Midwest Studio Utilizes Conceptual Photography for Magazine Cover

Midwest Studio Utilizes Conceptual Photography for Magazine Cover

“A picture is worth a thousand words”, right? This is especially true in Conceptual Photography, where the photographer attempts to write an entire story in your mind using one single image.

So, what exactly is Conceptual Photography?

This type of fine-art photography is an abstract way of staging and capturing a photo to convey a preconceived message. The result is a symbolic image that is not a direct example of the concept, but a general expression of it.

The idea behind the image might be emotional, societal, or comical. It doesn’t necessarily matter what the concept itself is; what matters is that the full story is told using creative imagery.

This isn’t just one “click” of the shutter.

Conceptual photography involves mental preparation. To be done correctly, you must fully understand your message. Who is your audience? What are you trying to convey to them? How do you want them to react?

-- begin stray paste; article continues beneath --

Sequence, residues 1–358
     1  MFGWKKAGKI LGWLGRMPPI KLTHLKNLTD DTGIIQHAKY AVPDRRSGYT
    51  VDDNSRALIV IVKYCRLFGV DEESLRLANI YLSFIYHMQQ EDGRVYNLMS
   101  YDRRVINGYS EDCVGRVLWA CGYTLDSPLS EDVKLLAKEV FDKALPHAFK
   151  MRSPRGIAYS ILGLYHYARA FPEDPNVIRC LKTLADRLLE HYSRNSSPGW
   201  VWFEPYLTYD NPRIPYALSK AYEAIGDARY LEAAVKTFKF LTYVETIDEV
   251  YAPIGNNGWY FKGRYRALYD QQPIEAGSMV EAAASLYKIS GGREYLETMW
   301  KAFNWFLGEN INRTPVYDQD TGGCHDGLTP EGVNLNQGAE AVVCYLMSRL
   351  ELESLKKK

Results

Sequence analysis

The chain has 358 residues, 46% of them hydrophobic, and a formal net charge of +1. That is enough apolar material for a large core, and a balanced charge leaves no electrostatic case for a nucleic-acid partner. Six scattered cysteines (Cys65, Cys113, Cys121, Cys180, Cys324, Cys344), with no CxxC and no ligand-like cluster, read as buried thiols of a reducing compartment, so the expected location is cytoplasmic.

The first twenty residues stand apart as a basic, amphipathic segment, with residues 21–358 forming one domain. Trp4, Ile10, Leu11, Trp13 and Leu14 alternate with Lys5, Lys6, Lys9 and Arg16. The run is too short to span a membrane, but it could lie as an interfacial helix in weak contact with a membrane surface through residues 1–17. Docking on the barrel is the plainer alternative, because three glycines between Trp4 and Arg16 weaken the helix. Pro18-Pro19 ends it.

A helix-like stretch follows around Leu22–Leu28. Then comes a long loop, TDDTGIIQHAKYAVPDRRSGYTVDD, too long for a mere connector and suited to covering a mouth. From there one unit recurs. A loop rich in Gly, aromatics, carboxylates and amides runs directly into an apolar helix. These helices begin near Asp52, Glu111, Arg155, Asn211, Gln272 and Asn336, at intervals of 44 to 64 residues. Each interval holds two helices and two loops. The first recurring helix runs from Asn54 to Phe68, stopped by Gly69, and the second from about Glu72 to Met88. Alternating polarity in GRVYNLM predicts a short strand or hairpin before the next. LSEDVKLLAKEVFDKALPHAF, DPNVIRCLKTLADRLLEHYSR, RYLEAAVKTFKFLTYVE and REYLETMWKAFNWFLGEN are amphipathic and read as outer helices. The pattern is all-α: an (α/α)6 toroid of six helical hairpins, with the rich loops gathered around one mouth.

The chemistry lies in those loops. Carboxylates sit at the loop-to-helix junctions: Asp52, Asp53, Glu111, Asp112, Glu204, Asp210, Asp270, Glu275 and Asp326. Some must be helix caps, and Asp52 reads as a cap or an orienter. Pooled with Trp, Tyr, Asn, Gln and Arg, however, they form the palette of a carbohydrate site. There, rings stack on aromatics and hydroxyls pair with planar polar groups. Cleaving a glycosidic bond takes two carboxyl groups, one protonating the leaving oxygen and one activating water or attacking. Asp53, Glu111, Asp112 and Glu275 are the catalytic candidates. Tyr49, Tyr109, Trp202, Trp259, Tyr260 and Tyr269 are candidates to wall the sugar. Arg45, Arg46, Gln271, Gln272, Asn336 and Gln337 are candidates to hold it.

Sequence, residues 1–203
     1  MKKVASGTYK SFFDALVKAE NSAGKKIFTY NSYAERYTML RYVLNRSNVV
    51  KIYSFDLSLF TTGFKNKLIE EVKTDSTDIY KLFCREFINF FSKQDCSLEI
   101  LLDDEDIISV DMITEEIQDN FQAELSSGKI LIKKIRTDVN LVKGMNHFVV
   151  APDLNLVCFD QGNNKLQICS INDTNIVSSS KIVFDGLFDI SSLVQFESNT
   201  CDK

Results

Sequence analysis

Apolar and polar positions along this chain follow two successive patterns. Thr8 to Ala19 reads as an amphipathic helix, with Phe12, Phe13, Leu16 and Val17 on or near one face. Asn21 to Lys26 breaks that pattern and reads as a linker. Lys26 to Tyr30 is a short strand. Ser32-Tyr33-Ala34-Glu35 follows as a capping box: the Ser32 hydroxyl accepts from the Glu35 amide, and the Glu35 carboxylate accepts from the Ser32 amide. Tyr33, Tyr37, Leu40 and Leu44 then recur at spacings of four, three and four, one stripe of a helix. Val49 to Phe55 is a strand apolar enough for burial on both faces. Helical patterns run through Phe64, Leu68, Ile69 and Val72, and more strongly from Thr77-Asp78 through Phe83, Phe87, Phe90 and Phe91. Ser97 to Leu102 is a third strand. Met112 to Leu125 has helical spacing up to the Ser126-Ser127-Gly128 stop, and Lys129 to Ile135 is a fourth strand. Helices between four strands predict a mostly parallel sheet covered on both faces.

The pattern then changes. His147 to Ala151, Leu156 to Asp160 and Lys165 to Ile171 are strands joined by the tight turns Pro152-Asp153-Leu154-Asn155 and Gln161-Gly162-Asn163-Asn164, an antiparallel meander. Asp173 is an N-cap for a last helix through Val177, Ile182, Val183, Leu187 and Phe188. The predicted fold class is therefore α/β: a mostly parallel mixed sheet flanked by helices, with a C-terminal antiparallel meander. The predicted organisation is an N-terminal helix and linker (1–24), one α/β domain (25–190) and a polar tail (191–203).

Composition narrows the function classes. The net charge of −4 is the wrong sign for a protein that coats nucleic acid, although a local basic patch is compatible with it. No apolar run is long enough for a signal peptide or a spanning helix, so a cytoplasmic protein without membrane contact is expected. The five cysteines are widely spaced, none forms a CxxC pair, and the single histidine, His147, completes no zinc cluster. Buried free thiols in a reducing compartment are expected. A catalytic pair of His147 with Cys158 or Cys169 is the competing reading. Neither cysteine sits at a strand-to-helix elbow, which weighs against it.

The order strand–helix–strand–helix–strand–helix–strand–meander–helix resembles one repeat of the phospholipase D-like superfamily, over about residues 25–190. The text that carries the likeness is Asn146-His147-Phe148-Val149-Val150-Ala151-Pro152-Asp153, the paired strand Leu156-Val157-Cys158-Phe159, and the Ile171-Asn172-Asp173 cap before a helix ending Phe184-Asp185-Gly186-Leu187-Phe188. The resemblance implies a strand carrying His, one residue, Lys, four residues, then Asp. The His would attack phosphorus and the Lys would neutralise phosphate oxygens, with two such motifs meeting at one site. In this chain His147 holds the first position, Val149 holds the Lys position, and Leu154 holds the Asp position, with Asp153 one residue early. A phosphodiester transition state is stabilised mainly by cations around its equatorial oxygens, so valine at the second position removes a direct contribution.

Once you’ve honed-in on the message, decisions need to be made about aesthetics. What kind of lighting should be used? Do you need any props or models? What angle should you work from?

Okay. So how about an example…

The Fox Cities Chamber of Commerce contracted us to produce the cover for their Spring 2018 issue of Business magazine. Art Director, Joe Weidert, worked with the magazine to develop a concept that would symbolize their cover story, Tax Reform.

They envisioned the primary focus of the cover to be the word “TAX” made out of stone. As a way of saying “out with the old, in with the new”, a sculptor’s hands would chisel away at the rock letters, revealing a shiny surface beneath.

Using CGI technology, we modeled the word “TAX” in big bold letters. A rock texture and shiny chrome surface were selected, and the two were rendered onto the frame of the letters.

With a mallet and chisel in hand, we photographed a model (aka Photo Assistant & Grip, Kyle Dietzen) dressed as a sculptor. His hands and body were positioned to align with the angle of the letters.

Next stop: our in-house post-production team. Their retouching techniques combined the photo of the model with the CGI rendered word. A blue-sky background was dropped in and reflected in the shiny chrome of the letters.

And voila, we have ourselves a magazine cover!

Throughout the process, many tweaks and revisions were made as the original concept transformed into the final product. See the evolution for yourself:

To see more of our photography: